Background concentration

Represents the average amount of toxic chemicals in the air, water or soil to which people are routinely exposed. More than half of the background concentration of toxic air in metropolitan areas comes from automobiles, trucks and other vehicles. The rest comes from industry and business, agricultural, and from the use of paints, solvents and chemicals in the home.


A large group of unicellular or filamentous microscopic organisms, lacking chlorophyll and multiplying rapidly by simple fissure.


The manner in which living organisms respond to stimulation, sometimes called ethology.


Animals and plants living on the bottom of a sea or lake, attached or unattached, from the deepest levels up to the high-water mark.


A curb, ledge, wall or mound used to prevent the spread of contaminants. It can be made of various materials, even earth in certain circumstances.

Beta Diversity

or habitat diversification. Diversity occurring as a result of competition between species, thus revealing an increasingly narrow range of tolerance of environmental factors.


Substances that are very slowly metabolised or excreted by living organisms and thus increase in concentration within the organisms as the organisms breathe contaminated air, drink contaminated water, or eat contaminated food.


The determination of the character and strength of a potentially toxic compound by studying its effect on standard test organisms under laboratory conditions.


The animal and plant life of a particular region.


Any agent that kills organisms.


The ability to break down or decompose rapidly under natural conditions and processes.



A large number and wide range of species of animals, plants, fungi, and microorganisms. Ecologically, wide biodiversity is conducive to the development of all species.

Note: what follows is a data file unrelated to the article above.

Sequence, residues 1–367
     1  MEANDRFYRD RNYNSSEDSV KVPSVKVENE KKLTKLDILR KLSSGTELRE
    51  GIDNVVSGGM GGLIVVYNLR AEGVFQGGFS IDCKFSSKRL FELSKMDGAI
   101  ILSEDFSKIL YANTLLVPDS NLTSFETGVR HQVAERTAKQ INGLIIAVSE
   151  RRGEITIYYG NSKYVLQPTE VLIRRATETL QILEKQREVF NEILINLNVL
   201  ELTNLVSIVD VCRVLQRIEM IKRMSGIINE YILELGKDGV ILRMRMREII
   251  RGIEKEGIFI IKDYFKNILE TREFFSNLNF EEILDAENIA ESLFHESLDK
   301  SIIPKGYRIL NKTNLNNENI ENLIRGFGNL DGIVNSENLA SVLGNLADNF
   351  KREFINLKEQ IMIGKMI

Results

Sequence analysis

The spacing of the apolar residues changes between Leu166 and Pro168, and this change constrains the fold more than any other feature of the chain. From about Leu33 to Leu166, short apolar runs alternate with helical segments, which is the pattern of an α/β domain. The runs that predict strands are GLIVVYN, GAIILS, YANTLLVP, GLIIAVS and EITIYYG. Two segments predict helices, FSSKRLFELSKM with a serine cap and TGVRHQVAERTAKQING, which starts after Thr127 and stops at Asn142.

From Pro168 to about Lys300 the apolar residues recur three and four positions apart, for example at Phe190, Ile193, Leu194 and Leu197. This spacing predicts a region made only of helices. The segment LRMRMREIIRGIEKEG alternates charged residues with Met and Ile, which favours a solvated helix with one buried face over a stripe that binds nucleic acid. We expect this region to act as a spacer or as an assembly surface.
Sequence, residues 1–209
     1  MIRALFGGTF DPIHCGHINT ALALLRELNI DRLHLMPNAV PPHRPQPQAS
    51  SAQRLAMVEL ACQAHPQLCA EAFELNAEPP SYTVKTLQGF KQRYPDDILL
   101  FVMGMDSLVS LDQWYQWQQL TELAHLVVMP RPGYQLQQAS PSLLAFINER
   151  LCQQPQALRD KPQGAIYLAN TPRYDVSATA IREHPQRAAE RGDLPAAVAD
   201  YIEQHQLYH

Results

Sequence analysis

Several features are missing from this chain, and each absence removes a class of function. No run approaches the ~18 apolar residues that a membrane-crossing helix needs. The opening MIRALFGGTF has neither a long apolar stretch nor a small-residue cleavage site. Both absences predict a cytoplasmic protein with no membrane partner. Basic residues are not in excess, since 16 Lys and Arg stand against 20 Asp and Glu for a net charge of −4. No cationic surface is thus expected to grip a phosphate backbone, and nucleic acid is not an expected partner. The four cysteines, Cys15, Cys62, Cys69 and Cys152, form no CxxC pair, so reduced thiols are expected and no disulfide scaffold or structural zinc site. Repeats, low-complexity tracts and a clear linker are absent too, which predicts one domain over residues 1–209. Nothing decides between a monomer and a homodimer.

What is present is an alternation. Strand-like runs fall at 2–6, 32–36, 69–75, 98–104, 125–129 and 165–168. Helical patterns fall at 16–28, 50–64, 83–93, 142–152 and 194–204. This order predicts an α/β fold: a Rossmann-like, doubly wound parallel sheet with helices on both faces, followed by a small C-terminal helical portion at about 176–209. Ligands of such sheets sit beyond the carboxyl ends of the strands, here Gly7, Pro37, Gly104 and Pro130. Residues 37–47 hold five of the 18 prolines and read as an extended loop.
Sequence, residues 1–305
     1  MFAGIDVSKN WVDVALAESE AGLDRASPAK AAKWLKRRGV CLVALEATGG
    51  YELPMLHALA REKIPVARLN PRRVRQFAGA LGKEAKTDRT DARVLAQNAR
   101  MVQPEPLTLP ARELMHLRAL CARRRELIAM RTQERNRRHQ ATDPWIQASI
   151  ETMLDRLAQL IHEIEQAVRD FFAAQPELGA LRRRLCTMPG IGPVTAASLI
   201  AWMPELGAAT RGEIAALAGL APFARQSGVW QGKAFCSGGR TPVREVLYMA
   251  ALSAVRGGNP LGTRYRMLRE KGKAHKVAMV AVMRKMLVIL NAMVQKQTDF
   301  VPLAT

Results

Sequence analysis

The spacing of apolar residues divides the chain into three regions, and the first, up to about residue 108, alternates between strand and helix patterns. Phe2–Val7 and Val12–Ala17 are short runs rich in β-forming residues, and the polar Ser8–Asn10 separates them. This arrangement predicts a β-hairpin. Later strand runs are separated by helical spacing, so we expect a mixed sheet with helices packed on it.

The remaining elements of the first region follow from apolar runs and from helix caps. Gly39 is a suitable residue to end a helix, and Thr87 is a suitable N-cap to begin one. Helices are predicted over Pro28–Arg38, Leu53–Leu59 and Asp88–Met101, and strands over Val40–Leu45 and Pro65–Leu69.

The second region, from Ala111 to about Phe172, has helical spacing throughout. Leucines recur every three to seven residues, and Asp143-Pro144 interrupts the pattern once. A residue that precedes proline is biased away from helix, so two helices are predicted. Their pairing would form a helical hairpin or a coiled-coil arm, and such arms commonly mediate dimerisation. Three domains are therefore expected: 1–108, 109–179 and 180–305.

Chemical, physical, geological, and biological processes and reactions within the natural environment.

Biological Benchmark

A concept in which animals and plants are used to measure pollution, either instead of or to augment the physiochemical studies traditionally employed.

Biological Control

The use of natural agents to control pests and other problems.


The total weight of all living matter in a particular habitat or area.


A community of plants or animals extending over a large natural area.


A process that uses microorganisms to change toxic compounds into non-toxic ones.


Residuals generated by the treatment of sewage, petroleum refining waste and industrial chemical manufacturing wastewater with activated sludge. (See Activated Sludge)


The regions (sphere) of the surface and atmosphere of the planet where living organisms exist.


A bioswale is a ditch that allows for rainwater to soak into the earth slowly, rather than flooding streets or going into the ocean. Instaed it soaks through the filtration of the upper soil and underlying aggregate then in to the local aquifer.


Of, pertaining to, or produced by life or living organisms.


Transformation of one chemical to others by populations of microorganisms in the soil.

Bottom Load

Material transported by running water, being either rolled or pushed along the bottom of the watercourse.

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